Today is the 59th birthday of Ron Pattinson, a brewing historian who writes online at Shut Up About Barclay Perkins. Ron lives in Amsterdam but is obsessed with the British brewery Barclay Perkins, which is what the title of his blog refers to. I have not yet had the pleasure of meeting Ron in person, though we’ve corresponded several times, and we got close earlier this year when he was in Sonoma County. Lew Bryson had a chance to go drinking with Ron a few years ago. Join me in wishing Ron a very happy birthday.
One of the many things I’m obsessed with is games. Since I was a kid, I’ve played them, collected them, and even created them. It’s just one more thing to add to the ever-growing list of things about which I’m particularly geeky. So I was already familiar with the card game Happy Families, which is a fairly simple game, and is somewhat similar to “Go Fish.” But I had no idea that a brewery had made their own version of the game.
Based on the box, it was obviously a giveaway to advertise the Watney’s brand. Intrigued, I would have bought it on the spot, except that, as Boak & Bailey noted, the “Buy It Now” price was a hefty £64.95, or about $100. Beer writing, unfortunately, doesn’t pay well enough to indulge all of my whims. Still, I wanted to know more about the game, and set out to see what I could find.
It was apparently created in England in 1851, by John Jaques II, who was also responsible for inventing “Snakes and Ladders,” “Tiddlywinks,” “Ludo” and the pub favorite “Shove Ha’penny.” It often uses a custom deck of 32 cards, although the game can be played with a standard deck of 52 cards. Cartamundi has the rules online. In the Watney’s version, the rules are printed on the back of the cardboard box:
In the Watney’s version, the families are the Barrels, the Cheerilads, the Combes, the Hops, the Malts, the Reids, the Stouts, and the Watneys. According to The World of Playing Cards:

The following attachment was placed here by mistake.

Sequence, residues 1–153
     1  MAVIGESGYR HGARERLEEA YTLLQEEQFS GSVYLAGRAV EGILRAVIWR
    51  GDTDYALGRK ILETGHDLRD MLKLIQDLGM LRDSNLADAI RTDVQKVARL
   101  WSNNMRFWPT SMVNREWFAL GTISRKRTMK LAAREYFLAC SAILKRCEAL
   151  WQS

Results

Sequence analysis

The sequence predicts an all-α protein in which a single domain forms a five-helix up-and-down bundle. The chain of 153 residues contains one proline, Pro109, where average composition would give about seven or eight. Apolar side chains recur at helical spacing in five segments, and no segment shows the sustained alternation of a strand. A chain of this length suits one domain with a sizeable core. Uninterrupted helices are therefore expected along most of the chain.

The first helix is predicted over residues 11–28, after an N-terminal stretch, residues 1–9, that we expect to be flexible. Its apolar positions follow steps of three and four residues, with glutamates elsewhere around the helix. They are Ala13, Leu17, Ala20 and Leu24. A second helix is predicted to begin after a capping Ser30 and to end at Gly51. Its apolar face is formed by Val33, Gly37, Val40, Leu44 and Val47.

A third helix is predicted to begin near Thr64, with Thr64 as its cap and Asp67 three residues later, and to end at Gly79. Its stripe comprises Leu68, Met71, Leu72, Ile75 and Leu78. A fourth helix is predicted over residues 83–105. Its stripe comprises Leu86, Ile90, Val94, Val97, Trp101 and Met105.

Although the 1920s was a decade of optimism after the Great War, the Great Depression made the 1930s a difficult time. In Britain unemployment was widespread. As we see from these images, the woman was the homemaker and had a hairdo, and the man worked. The generation of children who grew up in the 1930s would go on to fight in World War II. They had their share of hardships and built strong values of hard work.
Below are the 32 cards from deck:
For two of them, they apparently didn’t have a finished card, so here’s those cards taken from the eBay listing photos.
Hopefully, I can find a less expensive deck of these cards. Great, another item to add to my Wishlist.
Tuesday’s ad is from the English brewer’s “Beer is Best” campaign, from 1951. The campaign began in 1933, and ran for 30 years, and this one shows an idyllic country pub — The Axe and Compass — with a conspicuous church spire behind it. It almost appears that they’re trying to either suggest the pub as church or to associate the two as central to British life (both claims I agree with, BTW). But it looks so perfect one assumes it has to be a fictional, stylized version meant to invoke the romance of the country pub.
But not so fast. The Axe and Compass is an actual country inn located in Hemingford Abbots, 3 miles from St Ives, 6 miles from Huntingdon, and 12 miles from Cambridge. According to their website, the pub dates “back to the 15th century.”
But perhaps the artist did take a few liberties with perspective. That church spire that looms so large in the ad’s illustration appears much less imposing in the photograph from the pub’s website. And even more revealing, placing the inn at roughly the same angle as the drawing using Google Maps Street View, you can barely make out just the tip of the spire above the edge of the end of the pub’s roof past the back chimney. You have to go down Church Lane to see the church, and it doesn’t look nearly as large as it does in the illustration. Still, it’s an awesome image and I suspect it may have been one in a series, which would be even cooler. I know I want to go there now, and if I’m ever in the area, I’d definitely try to have a pint of Timothy Taylor there.